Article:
Legends II: Volume One
Edited by Robert Silverberg; Stories by George R.R. Martin & Anne McCaffrey
Read by Graeme Malcolm & Alyssa Bresnahan
3 Cassettes – 5.25 hours [UNABRIDGED]
Publisher: Random House Audio
Themes: / Fantasy / Series / Collection / Dragons / Knights / Royalty /
The tag line to this audio book is “New short novels by the masters of modern fantasy”. Would it have knocked out any teeth to use the word “novella?” It’s like calling a pack of number 2 pencils “a pallet of light-duty lumber.” A novella is not merely a novel that was born sickly or abstained from performance-enhancing drugs; it is a distinct literary form with a tighter focus in theme, setting, character, and time. Has the novella become such a bane to publishers that they seek to disguise it with a new name, as politicians have disguised the apocalypse of global warming with the ambivalence of climate change? I hope not. The literary form of Goethe, Conrad, Silverberg and Leiber still has a lot to offer us today. Its name should be spoken with pride, and its name-bearers sold, bought and read (or listened to) without shame.
A great place to start is George R.R. Martin’s “A Song of Ice and Fire: The Sworn Sword”, which is a fine example of a fantasy novella. It is tightly focused on a single, weighty event in time: The final clash between the proud, nearly-extinguished ser Eustace, and the desperately aggressive Lady Webber. Caught in the middle are our protagonists: Dunk, the simple knight with a sense of right and wrong that supersedes his own pride and safety, and Egg, whose compassion for even the lowest grows every time we see him. Heraclitus proposed that character determines destiny, and this is certainly true here. Everything that occurs within Martin’s tough, gritty, complex tale feels like an inevitable result of the characters and their choices. For those looking for lots of sword-banging, spell-casting action, this isn’t the place to find it. This story deals more in verbal confrontation, shades of revealed truth, and the nature of honor and treachery. My only quibble is that the ending, hard-won as it is, is a little pat, especially after the moral ambiguity of Dunk and Egg’s first story “The Hedge Knight” and the foregoing mass of this one. But given everything else about this absorbing tale, hewn from the same wood as the rest of the Song of Ice and Fire, this is a very minor point.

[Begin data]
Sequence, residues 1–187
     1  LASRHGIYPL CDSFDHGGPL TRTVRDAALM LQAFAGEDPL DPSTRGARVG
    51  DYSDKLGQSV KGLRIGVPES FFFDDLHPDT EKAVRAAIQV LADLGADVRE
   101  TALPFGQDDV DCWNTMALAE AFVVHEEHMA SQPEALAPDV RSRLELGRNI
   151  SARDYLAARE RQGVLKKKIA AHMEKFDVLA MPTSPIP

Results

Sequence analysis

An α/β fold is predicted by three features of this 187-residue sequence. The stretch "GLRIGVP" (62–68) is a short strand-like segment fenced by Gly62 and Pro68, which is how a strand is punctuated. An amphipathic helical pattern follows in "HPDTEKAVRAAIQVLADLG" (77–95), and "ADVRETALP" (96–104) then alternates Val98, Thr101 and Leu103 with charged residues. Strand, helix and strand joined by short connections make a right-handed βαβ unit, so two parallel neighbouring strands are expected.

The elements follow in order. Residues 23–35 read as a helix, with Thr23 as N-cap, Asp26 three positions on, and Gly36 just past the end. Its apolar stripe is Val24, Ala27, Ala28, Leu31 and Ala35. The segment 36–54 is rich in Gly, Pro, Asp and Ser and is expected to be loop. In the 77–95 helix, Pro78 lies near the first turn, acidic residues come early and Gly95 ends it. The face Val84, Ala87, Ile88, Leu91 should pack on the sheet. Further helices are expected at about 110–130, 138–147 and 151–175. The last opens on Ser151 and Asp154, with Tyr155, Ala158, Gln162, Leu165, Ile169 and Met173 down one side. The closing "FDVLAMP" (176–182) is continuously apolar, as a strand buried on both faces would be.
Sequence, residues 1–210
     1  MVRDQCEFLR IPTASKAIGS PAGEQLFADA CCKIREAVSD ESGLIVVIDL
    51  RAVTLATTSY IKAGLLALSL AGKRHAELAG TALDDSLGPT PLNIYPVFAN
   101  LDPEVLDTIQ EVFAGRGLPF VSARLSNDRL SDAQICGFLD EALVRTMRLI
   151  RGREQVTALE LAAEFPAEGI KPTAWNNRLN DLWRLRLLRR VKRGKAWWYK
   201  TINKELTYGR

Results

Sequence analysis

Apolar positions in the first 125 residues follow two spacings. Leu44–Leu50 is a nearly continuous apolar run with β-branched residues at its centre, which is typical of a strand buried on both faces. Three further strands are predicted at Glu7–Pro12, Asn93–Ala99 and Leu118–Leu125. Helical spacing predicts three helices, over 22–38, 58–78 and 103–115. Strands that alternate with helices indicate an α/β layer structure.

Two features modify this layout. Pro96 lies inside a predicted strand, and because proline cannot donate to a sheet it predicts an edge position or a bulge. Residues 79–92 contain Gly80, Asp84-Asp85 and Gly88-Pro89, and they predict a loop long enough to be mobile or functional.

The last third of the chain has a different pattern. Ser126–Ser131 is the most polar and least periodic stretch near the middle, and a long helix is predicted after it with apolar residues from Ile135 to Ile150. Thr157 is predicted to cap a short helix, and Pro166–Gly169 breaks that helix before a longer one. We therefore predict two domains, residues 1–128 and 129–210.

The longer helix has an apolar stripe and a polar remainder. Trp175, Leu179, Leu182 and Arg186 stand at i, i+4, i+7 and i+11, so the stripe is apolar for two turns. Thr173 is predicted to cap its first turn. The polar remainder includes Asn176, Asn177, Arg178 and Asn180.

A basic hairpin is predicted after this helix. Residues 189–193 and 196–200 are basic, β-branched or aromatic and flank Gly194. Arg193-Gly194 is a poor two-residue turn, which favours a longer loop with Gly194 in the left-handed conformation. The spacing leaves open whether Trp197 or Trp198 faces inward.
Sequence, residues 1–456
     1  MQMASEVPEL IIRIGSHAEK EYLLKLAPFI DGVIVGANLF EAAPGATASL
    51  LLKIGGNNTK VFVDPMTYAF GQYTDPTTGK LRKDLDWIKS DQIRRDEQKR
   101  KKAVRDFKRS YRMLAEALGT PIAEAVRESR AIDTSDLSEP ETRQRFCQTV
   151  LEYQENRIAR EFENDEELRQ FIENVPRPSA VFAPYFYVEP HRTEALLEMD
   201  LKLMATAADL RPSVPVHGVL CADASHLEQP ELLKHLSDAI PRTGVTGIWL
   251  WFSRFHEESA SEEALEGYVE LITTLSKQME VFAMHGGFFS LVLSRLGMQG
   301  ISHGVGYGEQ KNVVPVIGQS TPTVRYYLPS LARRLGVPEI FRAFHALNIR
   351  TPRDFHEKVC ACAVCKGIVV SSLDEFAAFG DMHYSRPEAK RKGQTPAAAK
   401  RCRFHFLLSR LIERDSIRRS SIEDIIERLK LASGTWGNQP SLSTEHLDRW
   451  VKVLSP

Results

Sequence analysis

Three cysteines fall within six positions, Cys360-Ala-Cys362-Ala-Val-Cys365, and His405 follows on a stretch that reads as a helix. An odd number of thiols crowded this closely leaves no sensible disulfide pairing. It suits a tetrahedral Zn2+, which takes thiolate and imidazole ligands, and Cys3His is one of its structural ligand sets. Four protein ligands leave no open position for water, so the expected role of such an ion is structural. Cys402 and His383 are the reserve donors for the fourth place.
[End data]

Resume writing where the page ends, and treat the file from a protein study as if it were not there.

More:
Martin’s pacing is slow and deliberate, shining a light into all the crevices of the personal, moral and physical terrain covered here. Graeme Malcolm’s reading is fittingly unhurried and considered. A British accent is a must for high fantasy like this (in my opinion), and Malcolm’s is dignified and readily intelligible to the American ear. There is even a compelling, extensive introduction to tune your ear to it. I think you’ll enjoy Malcolm’s voice characterizations, as well, as they are subtle, yet distinct, and seem well matched to the characters. Some music is present, mostly as punctuation between the book title, the introductory material, and the story itself, which is helpful. It also accompanies the brief prologue and epilogue to the story, which is not helpful, but also not too distracting.
Anne McCaffrey’s story “Pern: Beyond Between” is much less successful. It seems less a novella (let alone a wee novel) than a doughy short story that got rolled out a little too thin. The main ingredient is the disappearance of Lessa and Hoth into the great unknown of Between, but sifted in are travels in space, time, and Between; a few changes in viewpoint; and even a digression into a different genre. Sadly, the result never quite rises off the page. You will never quite taste the wistful loss and the painful discovery this story hints at, nor feel the fullness of the characters in your belly. It will leave you hungry for the Pern you remember from the original novels. And should you have missed these rightfully revered classics, I highly recommend skipping the appetizer-sized review of it which precedes the story. It gives a little too much away.
As with the first story, the reading of this one is wonderful. If Alyssa Bresnahan’s voice isn’t the voice I heard in my head while reading the original Pern series, no one’s is. It is the perfect complement to McCaffrey’s prose, flawed as that may be. Again, music is used to separate the introductory material from the story, and this time it is kept sensibly out of the narration.
The sound and production quality of both these stories are exceptional; however, they make an oddly matched pair. McCaffrey’s story could be safely given to your emotionally stable ten-year-old niece, but some of the language and themes of Martin’s would blister the poor child’s ears. And the packaging? Even calling it bland would imply an effervescence it sorely lacks. And of the 11 authors represented in the hardback version of this book (which lists only a tiny bit more than this audio book), only two are represented here. How much would you have to shell out to hear the novellas from all these distinguished authors? I shudder to imagine it. In short, while one of these stories is outstanding and the narrations excellent, this audio book does little to attract a new audience to the novella, and it certainly does not provide great value for the money.
Posted by Kurt Dietz